Here’s how it works and why to try it.
What Is Red Light Therapy?
In its most basic form, red light therapy — RLT for short — is a treatment that uses red light at varying wavelengths to target cellular stimulation for the sake of better health. The energy from light-emitting diodes brings energy to these tired cells, causing them to enter a process of self-repair. As a result, exposure to red light during treatment can lead to a number of benefits, depending on how routine exposure becomes and how deep the wavelengths are able to penetrate the skin.
How Does Red Light Therapy Work?
Unlike other recovery methods like percussive massage or foam rolling, RLT works from a non-invasive nature meaning you don’t need to actively engage your muscles and cells to generate relief. All that’s needed is an at-home RLT device and some time spent in front of the light-emitting diodes. Treatment can range anywhere from 5–30 minutes, depending on the amount of pain felt post-workout.
In this time, the light enters your cells without any feeling or sensation, triggering a biochemical effect that supposedly strengthens the present mitochondria — the powerhouses of the cell. Think of your mitochondria as power plants for cellular energy, and what’s a stronger power plant to do but act more efficiently in terms of making the cell function properly? Thanks to the energy boost from RLT, your mitochondria are more equipped to kickstart the rejuvenation and repair process required post-workout.
RLT can carry with it a number of benefits, but the perks are determined by how deep the light can reach within your skin and musculature. In order to reach the desired depths, many RLT devices employ multiple light types, each with their own wavelength.
Regular Red Light
Regular red light is the visible red glow you see across devices, with a wavelength measuring between 630–660 nanometers. This wavelength can typically reach a shallower depth of around 2mm, making it ideal for topical medical issues. Ailments like hair growth, skin resurgence and other factors can greatly benefit from devices offering this light type as part of their spectrum.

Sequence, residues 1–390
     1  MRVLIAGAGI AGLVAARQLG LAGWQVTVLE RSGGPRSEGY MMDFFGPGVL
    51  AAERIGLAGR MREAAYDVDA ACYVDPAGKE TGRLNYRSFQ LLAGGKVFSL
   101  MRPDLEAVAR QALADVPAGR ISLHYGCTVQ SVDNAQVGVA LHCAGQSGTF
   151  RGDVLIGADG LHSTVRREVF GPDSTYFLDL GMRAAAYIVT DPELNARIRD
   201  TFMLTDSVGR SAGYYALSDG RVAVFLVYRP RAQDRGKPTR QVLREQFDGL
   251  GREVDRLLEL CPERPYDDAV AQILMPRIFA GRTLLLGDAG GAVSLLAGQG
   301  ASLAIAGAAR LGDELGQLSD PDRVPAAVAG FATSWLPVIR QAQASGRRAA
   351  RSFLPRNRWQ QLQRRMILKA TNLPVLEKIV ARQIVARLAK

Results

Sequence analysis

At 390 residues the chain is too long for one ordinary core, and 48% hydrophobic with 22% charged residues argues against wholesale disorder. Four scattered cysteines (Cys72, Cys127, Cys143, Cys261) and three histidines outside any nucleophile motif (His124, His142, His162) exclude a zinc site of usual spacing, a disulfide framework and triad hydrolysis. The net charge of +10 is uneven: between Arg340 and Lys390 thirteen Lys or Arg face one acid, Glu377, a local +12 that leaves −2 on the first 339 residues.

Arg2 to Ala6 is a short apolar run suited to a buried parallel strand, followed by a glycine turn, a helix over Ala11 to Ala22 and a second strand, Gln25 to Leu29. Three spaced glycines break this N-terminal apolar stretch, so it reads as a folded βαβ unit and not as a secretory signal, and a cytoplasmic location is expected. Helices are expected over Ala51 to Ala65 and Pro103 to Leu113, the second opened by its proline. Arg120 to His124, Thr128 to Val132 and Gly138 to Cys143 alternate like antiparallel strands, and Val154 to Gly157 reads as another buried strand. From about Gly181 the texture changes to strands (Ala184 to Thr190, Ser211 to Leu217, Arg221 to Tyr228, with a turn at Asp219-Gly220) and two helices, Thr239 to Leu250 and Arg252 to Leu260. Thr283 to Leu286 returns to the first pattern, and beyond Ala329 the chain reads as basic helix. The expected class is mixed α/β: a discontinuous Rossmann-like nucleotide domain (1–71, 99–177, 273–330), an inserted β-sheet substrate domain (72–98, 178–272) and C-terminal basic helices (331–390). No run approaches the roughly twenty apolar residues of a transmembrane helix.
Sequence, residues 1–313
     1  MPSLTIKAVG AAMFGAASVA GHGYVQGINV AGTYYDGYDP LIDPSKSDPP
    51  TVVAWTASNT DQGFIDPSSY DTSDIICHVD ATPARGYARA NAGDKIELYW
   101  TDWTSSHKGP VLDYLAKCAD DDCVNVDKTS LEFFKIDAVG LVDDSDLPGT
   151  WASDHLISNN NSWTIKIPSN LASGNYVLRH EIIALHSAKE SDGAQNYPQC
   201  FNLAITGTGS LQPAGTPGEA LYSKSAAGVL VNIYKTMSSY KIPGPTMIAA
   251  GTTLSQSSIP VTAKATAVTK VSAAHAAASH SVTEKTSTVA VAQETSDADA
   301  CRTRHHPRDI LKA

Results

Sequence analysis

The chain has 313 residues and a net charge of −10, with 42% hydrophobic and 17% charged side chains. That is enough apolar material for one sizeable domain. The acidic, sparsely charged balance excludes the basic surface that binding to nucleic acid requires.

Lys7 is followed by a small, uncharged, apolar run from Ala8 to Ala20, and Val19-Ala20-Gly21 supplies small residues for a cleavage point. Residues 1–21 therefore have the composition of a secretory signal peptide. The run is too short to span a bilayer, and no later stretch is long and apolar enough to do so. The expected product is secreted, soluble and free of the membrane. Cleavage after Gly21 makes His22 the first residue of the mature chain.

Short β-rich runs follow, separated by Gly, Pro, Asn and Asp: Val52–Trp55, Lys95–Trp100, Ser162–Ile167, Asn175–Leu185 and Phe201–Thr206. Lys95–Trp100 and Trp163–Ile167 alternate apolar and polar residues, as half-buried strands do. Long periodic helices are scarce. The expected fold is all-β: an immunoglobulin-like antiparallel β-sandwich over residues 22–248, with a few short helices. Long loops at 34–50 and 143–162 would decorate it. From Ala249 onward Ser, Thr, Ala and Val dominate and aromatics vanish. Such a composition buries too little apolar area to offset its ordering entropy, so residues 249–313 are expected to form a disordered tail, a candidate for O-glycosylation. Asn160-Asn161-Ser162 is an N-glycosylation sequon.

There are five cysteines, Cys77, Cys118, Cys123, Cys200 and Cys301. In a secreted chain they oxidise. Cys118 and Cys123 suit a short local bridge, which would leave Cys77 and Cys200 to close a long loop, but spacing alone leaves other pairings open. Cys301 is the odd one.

Near-infrared falls in the range of 810–850 nanometers and is ideal for that deep muscle repair and reduced inflammation. Devices offering NIR light can penetrate as deep as 5mm, which is great for targeting the muscles, joints and bone stresses most athletes feel post-training.
Infrared, the longest wavelength available in RLT, can measure over 900 nanometers for the deepest relief, which is best suited for chronic pain and joint stiffness. This light type is far more powerful than regular red light or NIR, and as such, is rarely offered in at-home modules. Additionally, that power can also create a heat sensation, which is why infrared lights are often used in larger saunas at treatment institutions.
What Are the Benefits of Red Light Therapy?
Now that you know the ins and outs of RLT, it’s time to decipher the potential benefits of the practice. Three main perks come with this recovery method. While there are other perceived positives to RLT, these three, in my opinion, are the most noteworthy.
When you work out, you develop micro-tears across your musculature, which leads to soreness through the increased blood flow and pressure across the area. This blood flow is a response from your body understanding that the healing process is ready to start. Rather than wait for the blood to do its job at a normal pace, red light can help speed up the process by increasing the energy stores of the present mitochondria, getting the self-repair started in a higher gear, so to speak.
Supercharged Cellular Energy
In addition to muscle repair and relief, all that cellular energy can help keep surface level systems more vibrant and active through red light therapy. The easiest area to notice this is at the skin, as RLT can be a great solution for defending against (and sometimes eliminating) wrinkles. RLT has also been shown to help reinvigorate hair growth, soothe and wash away scar tissue and other positive cosmetic factors.
Less Intense Recovery
Finally, red light therapy is perhaps the most hands-off recovery method you can employ outside of sleeping. You just need to carve out 5–30 minutes of your daily schedule, strap on some eye protection and sit. No kneading, no shocking. Just relax as the light does the post-training work for you.